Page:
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Abraham Desires a Wife for Isaac
Abraham was one hundred forty years old and sensing the need to find a suitable wife for his son Isaac. Many of the individual promises of the Abrahamic Covenant were fulfilled during his lifetime. While he had been blessed with wealth, status and influence he did not possess the full extent of the land given in the covenant. He achieved the first legally obtained parcel though. The full promise of all the land would not be realized until the Messianic Kingdom. Nevertheless Abraham affirms the fact that Isaac (his seed) will have the land. Therefore he must have a wife in order to produce an heir to which the Covenant will pass. He approached an unnamed slave/servant of his household who controlled all of his considerable estate. We know this to be Eliezer of Damascus (Genesis 15: 2). This was the same trusted slave/servant who would have been Abraham’s choice for inheritor if Jehovah God had not given him Isaac. Now Abraham requires him to swear a solemn oath not to take a wife for Isaac from among the Canaanites where they were living. Abraham knew that his nephew Bethuel had recently had a daughter who was called Rebecca. Abraham makes Eliezer swear an oath to Abraham that he will carry out this task. In ancient Mid-Eastern practice Eliezer is told to place his hand under Abraham’s thigh and this would signify the acceptance of the oath. This means that if you are subject to my authority then I will sit on your hand in affirmation of you being under my will.
Eliezer then asks Abraham what he will do if the chosen woman will not follow him back to Canaan. Abraham says that Jehovah God will send His angels in front of him to secure the task. If the woman will not come Eliezer is told not to go back to Mesopotamia to find her a second time.
The twenty-fourth chapter is the longest in the book of Genesis. It is important for several reasons. First, it is a wonderful model of the appropriate characteristics we should look for in a spouse. Secondly, since the New Testament describes Isaac as a type of Christ we can see those parallels.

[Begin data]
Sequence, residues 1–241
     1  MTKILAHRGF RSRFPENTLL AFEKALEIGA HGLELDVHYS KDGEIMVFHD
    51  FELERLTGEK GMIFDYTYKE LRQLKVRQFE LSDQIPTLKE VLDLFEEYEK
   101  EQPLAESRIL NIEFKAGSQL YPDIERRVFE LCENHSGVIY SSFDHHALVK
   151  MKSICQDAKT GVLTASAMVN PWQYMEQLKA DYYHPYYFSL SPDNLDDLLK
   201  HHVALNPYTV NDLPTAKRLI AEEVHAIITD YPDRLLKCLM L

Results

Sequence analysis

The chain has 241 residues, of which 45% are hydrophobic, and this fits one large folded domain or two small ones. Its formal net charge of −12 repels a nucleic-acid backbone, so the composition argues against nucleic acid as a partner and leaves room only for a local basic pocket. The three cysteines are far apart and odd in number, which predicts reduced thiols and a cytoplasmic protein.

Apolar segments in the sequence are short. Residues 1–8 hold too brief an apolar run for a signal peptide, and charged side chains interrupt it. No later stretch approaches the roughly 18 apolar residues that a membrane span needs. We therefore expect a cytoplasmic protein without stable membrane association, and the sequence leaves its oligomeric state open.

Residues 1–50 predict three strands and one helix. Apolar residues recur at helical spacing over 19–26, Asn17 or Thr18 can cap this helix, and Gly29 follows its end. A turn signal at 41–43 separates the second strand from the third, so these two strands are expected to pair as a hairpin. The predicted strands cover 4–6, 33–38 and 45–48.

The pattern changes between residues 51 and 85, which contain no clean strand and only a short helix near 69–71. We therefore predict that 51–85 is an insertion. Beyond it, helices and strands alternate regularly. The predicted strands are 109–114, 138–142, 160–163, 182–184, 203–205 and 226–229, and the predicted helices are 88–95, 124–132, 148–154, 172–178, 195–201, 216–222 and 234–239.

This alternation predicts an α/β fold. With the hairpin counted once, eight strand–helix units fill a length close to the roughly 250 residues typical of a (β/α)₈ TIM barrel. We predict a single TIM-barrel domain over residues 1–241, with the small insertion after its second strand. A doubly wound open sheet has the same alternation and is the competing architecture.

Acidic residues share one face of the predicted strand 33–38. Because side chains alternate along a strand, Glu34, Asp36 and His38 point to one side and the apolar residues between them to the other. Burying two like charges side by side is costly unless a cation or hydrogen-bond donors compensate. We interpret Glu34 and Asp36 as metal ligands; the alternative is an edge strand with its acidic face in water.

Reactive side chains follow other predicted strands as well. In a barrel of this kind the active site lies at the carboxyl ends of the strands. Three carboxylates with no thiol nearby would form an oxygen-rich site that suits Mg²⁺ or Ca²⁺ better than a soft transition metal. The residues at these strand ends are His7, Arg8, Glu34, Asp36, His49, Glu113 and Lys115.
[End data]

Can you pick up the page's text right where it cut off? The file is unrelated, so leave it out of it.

The Bible has many references to Isaac as a type. In Amos 7:9,16, Israel is identified as his people. He is used to illustrate the resurrection of the dead and life after death in both Matthew 22:23-33 and Mark 12:18-27. In Galatians 4:28-31 he is used to illustrate the relation of the Old Law to the New. His blessing of his sons is cited as an example of faith in Hebrews 11:20.
Eliezer Prays for Abraham’s Welfare
Genesis 24: 10-14
10And the servant took ten camels, of the camels of his master, and departed, having all goodly things of his master’s in his hand. And he arose, and went to Mesopotamia, unto the city of Nahor. 11And he made the camels to kneel down without the city by the well of water at the time of evening, the time that women go out to draw water. 12And he said, O Jehovah, the God of my master Abraham, send me, I pray thee, good speed this day, and show kindness unto my master Abraham. 13Behold, I am standing by the fountain of water. And the daughters of the men of the city are coming out to draw water. 14And let it come to pass, that the damsel to whom I shall say, Let down thy pitcher, I pray thee, that I may drink. And she shall say, Drink, and I will give thy camels drink also. Let the same be she that thou hast appointed for thy servant Isaac. And thereby shall I know that thou hast showed kindness unto my master (ASV 1901).